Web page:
AA Insurance states that customers who use both its home and contents cover will pay less for each policy.
Key features of AA’s home and contents policy include:
- Replacement cover – in an event other than a natural disaster, AA will use replacement cover to fully rebuild a customer’s home, even if it costs more than the sum insured
- Temporary accommodation – covering reasonable alternative accommodation for a customer, their family and domestic pets if their home becomes uninhabitable as a result of an event covered by their policy
- New for old – if something the customer owns is stolen, lost or damaged beyond repair, AA will replace it with a brand-new item, regardless of the age of the original
- Natural disaster cover – if the customer’s home and/or contents are damaged by natural disaster, AA will top up the cover provided by the EQC, to the sum insured limit
- Cover for retaining walls – cover up to $50,000
State allows customers to combine their home and contents insurance with its HomePack offer, with HomePack still counting as two policies towards a multi-policy discount.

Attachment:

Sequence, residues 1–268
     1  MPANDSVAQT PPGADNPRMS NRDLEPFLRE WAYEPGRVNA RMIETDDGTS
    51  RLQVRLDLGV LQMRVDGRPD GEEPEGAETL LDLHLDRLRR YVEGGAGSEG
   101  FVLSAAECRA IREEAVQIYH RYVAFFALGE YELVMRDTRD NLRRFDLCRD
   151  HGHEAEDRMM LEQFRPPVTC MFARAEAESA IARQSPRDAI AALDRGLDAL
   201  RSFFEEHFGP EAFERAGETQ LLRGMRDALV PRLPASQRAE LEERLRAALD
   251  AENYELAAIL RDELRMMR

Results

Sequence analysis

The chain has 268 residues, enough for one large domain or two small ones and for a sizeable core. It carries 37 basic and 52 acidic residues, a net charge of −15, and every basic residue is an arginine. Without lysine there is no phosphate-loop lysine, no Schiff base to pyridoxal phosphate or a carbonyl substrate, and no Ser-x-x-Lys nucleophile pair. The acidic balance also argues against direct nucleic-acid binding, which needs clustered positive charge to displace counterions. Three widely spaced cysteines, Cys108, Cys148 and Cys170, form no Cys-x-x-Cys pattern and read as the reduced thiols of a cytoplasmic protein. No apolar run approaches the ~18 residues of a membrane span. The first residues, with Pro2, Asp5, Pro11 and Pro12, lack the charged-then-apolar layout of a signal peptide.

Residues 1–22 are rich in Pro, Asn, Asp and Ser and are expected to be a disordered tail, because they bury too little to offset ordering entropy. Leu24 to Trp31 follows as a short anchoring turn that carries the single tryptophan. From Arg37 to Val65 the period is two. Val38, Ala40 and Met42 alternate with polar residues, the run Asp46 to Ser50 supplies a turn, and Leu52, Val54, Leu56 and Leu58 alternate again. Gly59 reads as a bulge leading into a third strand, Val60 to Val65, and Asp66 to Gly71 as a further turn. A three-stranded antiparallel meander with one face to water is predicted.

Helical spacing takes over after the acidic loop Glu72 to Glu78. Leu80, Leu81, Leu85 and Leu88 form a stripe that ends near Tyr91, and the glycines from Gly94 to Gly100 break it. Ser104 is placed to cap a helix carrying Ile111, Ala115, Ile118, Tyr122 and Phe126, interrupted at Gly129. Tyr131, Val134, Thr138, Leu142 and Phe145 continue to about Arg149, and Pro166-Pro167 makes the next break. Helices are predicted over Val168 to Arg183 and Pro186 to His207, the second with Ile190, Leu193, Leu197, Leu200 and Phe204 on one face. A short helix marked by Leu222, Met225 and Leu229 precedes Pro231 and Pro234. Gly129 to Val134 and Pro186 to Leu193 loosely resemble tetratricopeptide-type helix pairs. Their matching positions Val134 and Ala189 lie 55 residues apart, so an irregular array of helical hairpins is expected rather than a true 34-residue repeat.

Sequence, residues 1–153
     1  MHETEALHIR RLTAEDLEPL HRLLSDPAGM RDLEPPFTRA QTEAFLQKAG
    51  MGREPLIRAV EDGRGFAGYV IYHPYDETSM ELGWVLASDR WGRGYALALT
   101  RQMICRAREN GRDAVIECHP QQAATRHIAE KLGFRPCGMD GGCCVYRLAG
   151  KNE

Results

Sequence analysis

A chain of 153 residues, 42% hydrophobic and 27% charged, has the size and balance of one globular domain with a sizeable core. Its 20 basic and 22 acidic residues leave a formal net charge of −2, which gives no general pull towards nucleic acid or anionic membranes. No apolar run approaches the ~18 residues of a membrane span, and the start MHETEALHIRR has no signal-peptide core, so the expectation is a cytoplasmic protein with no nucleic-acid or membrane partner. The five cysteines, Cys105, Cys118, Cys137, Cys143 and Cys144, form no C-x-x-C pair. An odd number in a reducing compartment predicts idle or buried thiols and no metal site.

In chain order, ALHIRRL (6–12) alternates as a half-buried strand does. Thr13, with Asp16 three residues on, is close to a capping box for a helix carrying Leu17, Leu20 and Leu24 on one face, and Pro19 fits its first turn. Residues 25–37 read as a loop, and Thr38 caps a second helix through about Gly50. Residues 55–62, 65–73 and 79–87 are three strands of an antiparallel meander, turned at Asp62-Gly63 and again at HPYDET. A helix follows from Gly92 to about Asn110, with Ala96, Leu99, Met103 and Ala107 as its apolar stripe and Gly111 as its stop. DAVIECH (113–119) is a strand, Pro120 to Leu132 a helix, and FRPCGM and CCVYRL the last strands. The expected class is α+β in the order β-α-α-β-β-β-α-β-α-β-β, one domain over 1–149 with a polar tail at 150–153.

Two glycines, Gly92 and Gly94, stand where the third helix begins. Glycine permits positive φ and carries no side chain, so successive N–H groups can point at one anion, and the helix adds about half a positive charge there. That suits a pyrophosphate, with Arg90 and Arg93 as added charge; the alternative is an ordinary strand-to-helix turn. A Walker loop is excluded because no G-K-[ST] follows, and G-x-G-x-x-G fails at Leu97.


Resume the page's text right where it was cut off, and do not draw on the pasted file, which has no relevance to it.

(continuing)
Among State’s HomePack features, it provides:
- Sudden and accidental damage to the customer’s home and belongings – cover for sudden and accidental damage up to their respective sum insured amounts
- Temporary accommodation – if a customer can’t live in their home because of a loss covered by the policy, State will pay for accommodation for their family and pets while the home is being repaired
- Hidden gradual damage from leaking water in certain circumstances – covering up to $2,500 a year
- Belongings in storage or transit – covering belongings while in transit to the customer’s new home (for defined events only)
- Intentional damage – covering the customer’s home and belongings if they’re damaged by a fire or explosion that’s intentionally caused by a tenant or someone living in their home other than the customer, their partner or a family member
Other insurers, including AMI, Westpac and ANZ, offer discounts for customers who take out multiple policies, such as separate home insurance and contents insurance policies, and it is worthwhile keeping this in mind when considering the total cost of insurance.